The apatetic ashen hue of the red-backed salamander is limned with a red dorsal stripe, the flash of bright color an incongruous beacon for predators - or is it? That this is an aberration of sorts is manifest in the dualistic nature of the species; there is a “lead-backed” variant that lacks the stripe. Color polymorphism is the relevant biological term for the phenomenon where a single species has two or more variants; in the case of red-backed salamanders, there are about equal numbers of the red-striped morph and the so-called lead-phase morph. Numerous studies have been conducted to determine if there are any behavioral or physiological differences between the two; there are. Counterintuitively, the lead-phase morph is subject to a greater degree of predation than the more visible red-striped morph. This behavioral finding is reinforced by observations of relative mobility: the red-backed individual spends more time immobile with the tail raised in defense; whereas the un-red individual is more mobile. However, tail autotomy is more prevalent in the latter pointing to more frequent attacks. From the physiological standpoint, the lead-phase morph has a higher level of stress measured according to a hematological stress index that correlates blood cell populations to stress. This is consistent with the logical notion that higher predation results in higher stress. A syllogistic argument has been advanced to the effect that “if the more visible red-striped morph is subject to less predation than its ash-gray cohort, then the predator must be making an instinctive choice.” As red is commonly employed to indicate toxicity, the terrestrial stage of the red-spotted newt called the red eft being a case in point, it is hypothesized that the red-backed salamander employs what is called Batesian mimicry to take advantage of the verisimilitude. So why, then, are not all red-backed salamanders red-striped as survival of the fittest would mandate? That this is not the case indicates that there are other factors that select for the non-red morph. As red-backed salamanders engage in courtship rituals, sexual selection that prefers “50 shades of gray” would be a logical topic for supplemental research, however sordid.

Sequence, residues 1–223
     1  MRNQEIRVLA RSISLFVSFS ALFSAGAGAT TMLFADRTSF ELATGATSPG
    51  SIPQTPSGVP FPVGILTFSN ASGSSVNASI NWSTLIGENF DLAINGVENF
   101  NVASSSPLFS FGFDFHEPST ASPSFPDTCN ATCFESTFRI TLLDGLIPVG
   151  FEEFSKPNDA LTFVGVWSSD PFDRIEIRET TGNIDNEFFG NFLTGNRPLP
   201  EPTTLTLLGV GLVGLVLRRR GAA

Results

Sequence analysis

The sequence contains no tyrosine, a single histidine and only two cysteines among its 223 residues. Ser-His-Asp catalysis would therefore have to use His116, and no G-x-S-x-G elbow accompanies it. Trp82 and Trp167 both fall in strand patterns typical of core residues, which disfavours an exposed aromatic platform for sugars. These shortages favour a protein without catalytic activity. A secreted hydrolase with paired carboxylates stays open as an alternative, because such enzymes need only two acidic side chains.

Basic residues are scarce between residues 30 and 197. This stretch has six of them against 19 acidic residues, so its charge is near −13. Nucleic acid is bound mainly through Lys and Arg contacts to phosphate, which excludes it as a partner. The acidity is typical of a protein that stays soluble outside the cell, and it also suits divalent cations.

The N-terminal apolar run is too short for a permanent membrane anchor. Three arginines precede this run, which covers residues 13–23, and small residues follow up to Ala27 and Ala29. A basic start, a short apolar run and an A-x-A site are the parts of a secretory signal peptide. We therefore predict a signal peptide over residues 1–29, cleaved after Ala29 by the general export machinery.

Red-backed salamanders are territorial, nurturing and, to some extent monogamous; traits that contribute to ubiquity. Territory is tantamount to survival in the competitive natural environment; home ranges under rocks and logs of about one square meter are established and marked bycloacal gland pheromones and by fecal pellets. Males defend their territory viciously, assuming the all-trunk raised (ATR) position and biting to stave off intruders; they are successful in three out of every four encounters. Females select their mates according to physical size, the extent and quality of the prey in their territory, and, in something of an anthropomorphic vein, whether they have the smell of other females. Territorial prey quality is determined by smashing the male’s fecal pellets and inspecting for insect remnants. Partner preference is observed in red-backed salamanders as both male and female benefit from the union; the male gains reproductive fitness and the female has better access to nutritive prey for egg production. The courtship ritual is a structured sequence of suggestive moves by the male to assess his acceptability; if successful the female rests her chin on his tail and, in what is known as the “tail straddle walk,” the sexual act culminates with male deposition of a spermatofore which the female subsequently picks up in her cloacal vent. About a dozen eggs are laid and protected by the female for 6 weeks until they hatch as miniature adults; there is no aquatic larval gilled phase. Efficient and effective.